"Was I in danger before?
"What do you mean?
"Safe from what?
"Safe from who, cuz?"
Oh, dear, my darlings,
it was such a stressful experience,
such a culture shock.
It was so hard to communicate.
I ended up joining a gang
by accident.
I thought it was the Boy Scouts.
I thought all the tattoos
were merit badges.
I remember one time,
I thought to myself,
"Oh, goodness, this inner city
fraternity I have joined
"is so industrious, but I wonder,
why do our patrons spend
"so much money on these odd little
cookies that we sell on the street?"
"The packaging is terrible.
"No marketing whatsoever.
"But I suppose they're
relatively low-calorie.
"The only thing that goes into them
is baking soda."
Now, I'll show you. You see,
while I was in our
inner city fraternity,
it was a long time ago
and the slangs have changed.
There were so many colloquialisms
for dispossessing people
of their personal effects
without their consent.
Yes, I was in the property
reacquisition sector
of our organisation,
and every now and then
I dabbled in some urban pharmacy.
I'm Nigerian, so I also tried out
some freestyle accounting.
Like I was saying, there was loads
of slangs for robbing people, innit?
But the most popular slang
at the time, in South, was "suck".
Yeah. You can imagine
when I found out.
I was in the park with the mandem,
and our leader, Gasman.
I mean, you can't be out here
robbing people
with a name like Charles,
so Gasman it was.
Gasman was a very serious fellow.
He said, and I quote
He spotted some opps.
That means opposition. Ha-ha!
He said, "Yo! Mandem!"
And then we assembled
..and formed Mandem-a-tron.
He said, "Yo, you see them opps
there, cuz? You see them opps?"
We're like, "Yeah, blud,
man sees them, man sees them.
"We see them, blud.
We see them, blud."
He said, "Yeah. Come we go suck
those boys for their shoes."
And the rest of them were getting
up, like, "Yeah, I'm on this ting."
I'm like, "Wait, no, no, no, no, no.
"My brother, no.
I need to see the small print."
I said, "Excuse me, Mr
Can I call you Mr Mr Gasman?
"Now, for the life of me, I could
have sworn you just instructed us
"to, er" He said, "Yeah, blud!
"You heard man!
That's the motive today.
"That's the prime objective. Today
we're sucking man, blud. Yeah?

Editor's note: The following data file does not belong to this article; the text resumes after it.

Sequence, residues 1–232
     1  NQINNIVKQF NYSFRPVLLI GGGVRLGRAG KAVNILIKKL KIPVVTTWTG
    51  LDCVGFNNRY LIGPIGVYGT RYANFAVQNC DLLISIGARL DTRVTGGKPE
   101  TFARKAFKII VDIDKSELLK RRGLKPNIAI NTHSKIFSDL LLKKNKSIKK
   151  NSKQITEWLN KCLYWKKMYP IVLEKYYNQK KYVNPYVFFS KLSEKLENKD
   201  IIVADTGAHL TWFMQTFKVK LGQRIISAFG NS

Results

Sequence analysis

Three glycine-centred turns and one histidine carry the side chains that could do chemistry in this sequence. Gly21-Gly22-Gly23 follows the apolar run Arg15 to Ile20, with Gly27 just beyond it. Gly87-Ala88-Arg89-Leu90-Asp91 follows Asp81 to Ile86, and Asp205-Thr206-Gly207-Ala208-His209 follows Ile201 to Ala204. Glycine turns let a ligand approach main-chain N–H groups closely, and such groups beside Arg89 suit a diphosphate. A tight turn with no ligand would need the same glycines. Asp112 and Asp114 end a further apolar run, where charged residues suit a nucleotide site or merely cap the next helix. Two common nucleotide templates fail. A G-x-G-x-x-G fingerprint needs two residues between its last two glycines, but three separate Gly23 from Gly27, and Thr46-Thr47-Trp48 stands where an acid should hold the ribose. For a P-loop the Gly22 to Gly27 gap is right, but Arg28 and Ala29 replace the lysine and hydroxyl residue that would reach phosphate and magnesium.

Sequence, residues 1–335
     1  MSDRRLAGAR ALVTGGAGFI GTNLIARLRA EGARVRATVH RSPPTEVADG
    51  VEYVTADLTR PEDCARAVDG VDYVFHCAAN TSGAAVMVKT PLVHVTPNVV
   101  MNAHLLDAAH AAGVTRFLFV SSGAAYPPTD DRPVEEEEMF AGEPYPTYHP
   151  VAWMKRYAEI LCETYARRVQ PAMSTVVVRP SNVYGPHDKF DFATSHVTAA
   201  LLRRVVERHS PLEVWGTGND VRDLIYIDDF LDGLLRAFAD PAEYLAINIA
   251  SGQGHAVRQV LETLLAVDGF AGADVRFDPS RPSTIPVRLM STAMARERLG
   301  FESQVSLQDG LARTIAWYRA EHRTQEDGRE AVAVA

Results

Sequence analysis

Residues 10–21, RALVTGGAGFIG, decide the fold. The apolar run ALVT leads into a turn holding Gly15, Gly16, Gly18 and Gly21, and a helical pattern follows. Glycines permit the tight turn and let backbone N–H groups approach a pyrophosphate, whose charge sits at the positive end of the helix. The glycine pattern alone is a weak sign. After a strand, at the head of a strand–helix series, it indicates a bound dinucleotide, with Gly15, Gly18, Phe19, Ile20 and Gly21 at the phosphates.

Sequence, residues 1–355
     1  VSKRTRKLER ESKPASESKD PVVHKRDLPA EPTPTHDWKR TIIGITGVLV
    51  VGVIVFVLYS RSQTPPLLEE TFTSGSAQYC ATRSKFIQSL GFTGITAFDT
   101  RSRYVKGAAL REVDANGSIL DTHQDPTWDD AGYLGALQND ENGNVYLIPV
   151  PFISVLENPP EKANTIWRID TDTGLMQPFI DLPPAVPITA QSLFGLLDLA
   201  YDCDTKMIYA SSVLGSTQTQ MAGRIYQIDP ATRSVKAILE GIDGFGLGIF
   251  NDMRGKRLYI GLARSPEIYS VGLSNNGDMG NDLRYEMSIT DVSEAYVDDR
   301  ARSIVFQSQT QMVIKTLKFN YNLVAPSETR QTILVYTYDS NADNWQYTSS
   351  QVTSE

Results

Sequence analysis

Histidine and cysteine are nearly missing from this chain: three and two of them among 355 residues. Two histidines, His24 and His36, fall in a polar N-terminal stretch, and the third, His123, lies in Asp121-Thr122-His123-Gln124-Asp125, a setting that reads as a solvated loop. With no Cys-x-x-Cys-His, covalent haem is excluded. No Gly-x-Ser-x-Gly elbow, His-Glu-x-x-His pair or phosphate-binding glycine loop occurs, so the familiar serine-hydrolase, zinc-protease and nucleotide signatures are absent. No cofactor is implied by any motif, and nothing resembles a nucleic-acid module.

"We suck man for their shoes, their
watches, their chains, their cash.
"Anybody coming through that gate
that's not in our gang
"is getting sucked
I said, "Bro, I'm not involved."
He said, "Either you suck man
or man suck you." I said, "Whoa!"
"Can we talk?" I said,
"Brother, why? Why, my brother?
"Why are you doing this?"
And he gets philosophical.
He said, "It's all I know."
"It's how I survive on the roads."
"I didn't choose to suck man.
Sucking man chose man."
I said, "Is this why
you have a gang?"
He said, "What?! Nah! I don't need
a gang to suck man.
"I suck three, four man by myself."
"Ask all them boys on the estate.
"I sucked all of them, bro."
"Listen, I even sucked this boy
in front of his dad."
"In front of his dad?!"
He said, "Yeah!"
I said, "What did his dad do?"
He said, "His dad
didn't do nothing,
"cos he knew one false move,
he'd get sucked too, rude boy."
I said, "My God.
"This man is prolific!"
He said, "Big man,
I don't know fear, you know.
"I don't care how big a man is."
"How hard man is."
"I'll look man in the eye
and suck man, fam. Are you mad?"
I said to him, "Bro, you are broke.
"I am also broke.
"This is my last £5. Take it.
"Wallahi, you need it more than me."
"Foot Locker is still hiring.
"In fact, do you want me
to make you a CV?
"We can go together."
He said, "Nah!
"I don't suck man
for minimum wage."
"Man's got aspirations."
At this point I had to ask him,
"Bro, what if they don't let you?"
He looked at me like I'm the one
who's crazy. He said, "What?!"
"If they don't let me suck man"
"If they don't comply, obviously
if they don't let me suck man,
"I have to lick them down."
I said
And that's how I went to jail.
So, you know
Now, my darlings,
I mentioned before, you know,
I'm raising kids, and it's tough
choosing what culture
to raise your kids with, not just
because of the two cultures
I represent, but even
in my marriage,
we're both from
different cultures.
My wife isn't Nigerian.
She's originally Pakistani,
um, so
We're very different.
We don't look alike.
She's not a six-foot,
25-stone Nigerian man.
Or at least she wasn't
before I left home.
And, you know, um, it's interesting,
because, you know,
when our kids were really little,
they didn't look like their mum
They looked very African.
They had big afros,
big, beautiful, glorious afros,
and my wife's this little
Asian woman in a hijab.
So when my wife went out
with my daughters,
they didn't look like
mother and daughter.
They looked like the front page
of a really woke feminist magazine.
Like, "Yass, queen! Rock the hijab,
rock the afro. Yass, slay."
Right? And like, I used to
have fun with it, right?
I would pull pranks on her.
Like I'd make them run away and
scream, "Help! She's not our mum!"
And then all these really nice
people, "Oh, my goodness,
"what do we do? Who do we grab?
What's less racist?"
"Do we grab the hijabi
or the afro babies?"
Oh, fun times!
The thing is,
even at home, you know,
what we do at home is different.
Like, I know most people, like
couples, they do Netflix and chill.
My wife and I,
we have our own variation of that.
We don't do Netflix and chill.
We watch a programme
called Border Force.
I see a few of you
know the programme,
and some of you are pretending
that you don't.
To explain it, Border Force
is like Squid Game for racists.
It basically follows, like,
a team of immigration officers
running down, like, trying to catch,
like, illegal immigrants,
or people who have overstayed,
and deport them or detain them.
And my wife and I watch it
and we keep scores see whose family members
are being caught more.
"Oh, no, not Mr Khan!"
The thing is,
it's such a horrible programme,
but it's so much fun to watch,
So much fun!
The thing is, they know
who their audience is,
cos when they go to catch people
they don't come to places like here
where it's a melting pot